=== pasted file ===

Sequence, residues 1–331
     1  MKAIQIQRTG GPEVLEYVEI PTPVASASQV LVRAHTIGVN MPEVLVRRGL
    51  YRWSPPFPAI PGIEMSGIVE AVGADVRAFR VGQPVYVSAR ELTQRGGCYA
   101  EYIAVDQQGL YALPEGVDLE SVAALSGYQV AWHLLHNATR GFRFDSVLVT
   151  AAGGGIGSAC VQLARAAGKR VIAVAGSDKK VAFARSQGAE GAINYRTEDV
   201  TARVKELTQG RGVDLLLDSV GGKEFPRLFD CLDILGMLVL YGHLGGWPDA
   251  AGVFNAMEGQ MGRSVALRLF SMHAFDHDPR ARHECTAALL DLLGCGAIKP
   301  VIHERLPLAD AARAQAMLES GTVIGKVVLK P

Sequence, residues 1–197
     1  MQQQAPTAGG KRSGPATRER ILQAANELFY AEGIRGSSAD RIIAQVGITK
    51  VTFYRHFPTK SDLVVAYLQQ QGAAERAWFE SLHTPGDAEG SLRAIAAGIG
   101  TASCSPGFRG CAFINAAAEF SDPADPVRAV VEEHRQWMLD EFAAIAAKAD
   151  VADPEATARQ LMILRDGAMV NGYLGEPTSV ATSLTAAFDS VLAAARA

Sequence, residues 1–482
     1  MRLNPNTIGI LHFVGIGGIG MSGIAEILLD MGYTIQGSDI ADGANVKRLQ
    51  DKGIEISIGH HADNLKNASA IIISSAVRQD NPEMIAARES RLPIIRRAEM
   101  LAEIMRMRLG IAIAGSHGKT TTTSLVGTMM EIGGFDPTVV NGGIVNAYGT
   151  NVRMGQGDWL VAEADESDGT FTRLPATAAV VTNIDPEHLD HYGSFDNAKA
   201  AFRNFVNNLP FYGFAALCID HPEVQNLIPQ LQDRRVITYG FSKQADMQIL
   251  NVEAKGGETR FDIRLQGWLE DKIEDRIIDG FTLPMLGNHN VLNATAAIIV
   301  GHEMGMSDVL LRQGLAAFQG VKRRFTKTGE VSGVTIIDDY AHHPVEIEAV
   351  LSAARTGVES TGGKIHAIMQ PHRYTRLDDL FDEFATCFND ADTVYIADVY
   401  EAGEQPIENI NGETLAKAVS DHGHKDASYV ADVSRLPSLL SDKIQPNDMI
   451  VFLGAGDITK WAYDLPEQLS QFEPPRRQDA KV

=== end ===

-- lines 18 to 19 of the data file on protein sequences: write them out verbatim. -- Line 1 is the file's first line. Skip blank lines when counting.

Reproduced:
   151  NVRMGQGDWL VAEADESDGT FTRLPATAAV VTNIDPEHLD HYGSFDNAKA
   201  AFRNFVNNLP FYGFAALCID HPEVQNLIPQ LQDRRVITYG FSKQADMQIL